The message from the dean stresses MU’s diversity, which does indeed seem to be a strength.

Too much knowledge?

There is nothing like knowing it all to kill the imagination,” write Eric Liu and Scott Noppe-Brandon, authors of Imagination First, on the Education Nation web site:

“When we become expert, or think we have, we get the benefits of intellectual shortcuts and far greater processing efficiency-but we suffer the cost of closed-mindedness. Having seen it all, we stop looking. Having been there, we stop going. Having done that, we stop doing.”

“Seriously?” asks Robert Pondiscio in Idiot’s Delight on Core Knowledge Blog.

As an alternative to mind-numbing knowledge, Liu and Noppe-Brandon praise GeoDome, an “experience of pure wonder.”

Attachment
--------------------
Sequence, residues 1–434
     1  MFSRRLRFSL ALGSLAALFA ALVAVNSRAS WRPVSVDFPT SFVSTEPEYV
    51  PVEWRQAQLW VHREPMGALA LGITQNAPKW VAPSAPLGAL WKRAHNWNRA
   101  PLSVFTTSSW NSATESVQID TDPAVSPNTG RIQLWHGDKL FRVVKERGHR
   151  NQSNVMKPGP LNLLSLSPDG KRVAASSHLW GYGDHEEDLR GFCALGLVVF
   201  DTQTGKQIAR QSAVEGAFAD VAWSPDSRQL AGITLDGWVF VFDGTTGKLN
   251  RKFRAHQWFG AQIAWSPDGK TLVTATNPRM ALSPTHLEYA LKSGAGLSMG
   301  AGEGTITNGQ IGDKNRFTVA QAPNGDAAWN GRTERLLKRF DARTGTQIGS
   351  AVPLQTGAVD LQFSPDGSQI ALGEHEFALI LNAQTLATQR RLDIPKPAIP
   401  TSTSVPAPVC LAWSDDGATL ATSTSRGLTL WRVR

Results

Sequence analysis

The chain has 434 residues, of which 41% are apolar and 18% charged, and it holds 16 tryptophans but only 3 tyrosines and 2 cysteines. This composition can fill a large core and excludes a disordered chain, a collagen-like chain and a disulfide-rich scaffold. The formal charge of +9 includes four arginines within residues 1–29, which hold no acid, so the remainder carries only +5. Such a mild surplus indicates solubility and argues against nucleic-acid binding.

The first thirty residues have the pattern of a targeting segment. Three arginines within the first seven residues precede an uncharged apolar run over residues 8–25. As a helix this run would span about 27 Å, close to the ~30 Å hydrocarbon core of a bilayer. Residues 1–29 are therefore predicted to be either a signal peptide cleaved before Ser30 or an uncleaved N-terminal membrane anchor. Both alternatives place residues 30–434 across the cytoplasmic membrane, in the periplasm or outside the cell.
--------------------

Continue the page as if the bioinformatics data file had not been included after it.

Using Google Earth, real-time NASA data, state-of-the-art animation designed by a Pixar veteran, a single laptop, a projector, and an Xbox joystick, McConville takes the guests on a journey to . . .  anywhere they want in the known universe.

“We did not dream our way to Google Earth, NASA, Pixar or the Xbox,” Pondiscio points out.

A deep knowledge base, years of training and expertise enable us to create the things that inspire awe in others. And I can’t help but wonder if physicists, engineers, and scientists of every stripe would be surprised to learn that their hard-earned expertise has resulted in “closed-mindedness.”

My husband knows a great deal about electrical engineering, a field in which he earned a PhD. Knowing a lot has enabled him to come up with new ideas, for which he holds several dozen patents. Ignorance is not the mother, father or brother-in-law of invention.

If I were to make a list of the problems afflicting American education, excess knowledge would be very low on the list.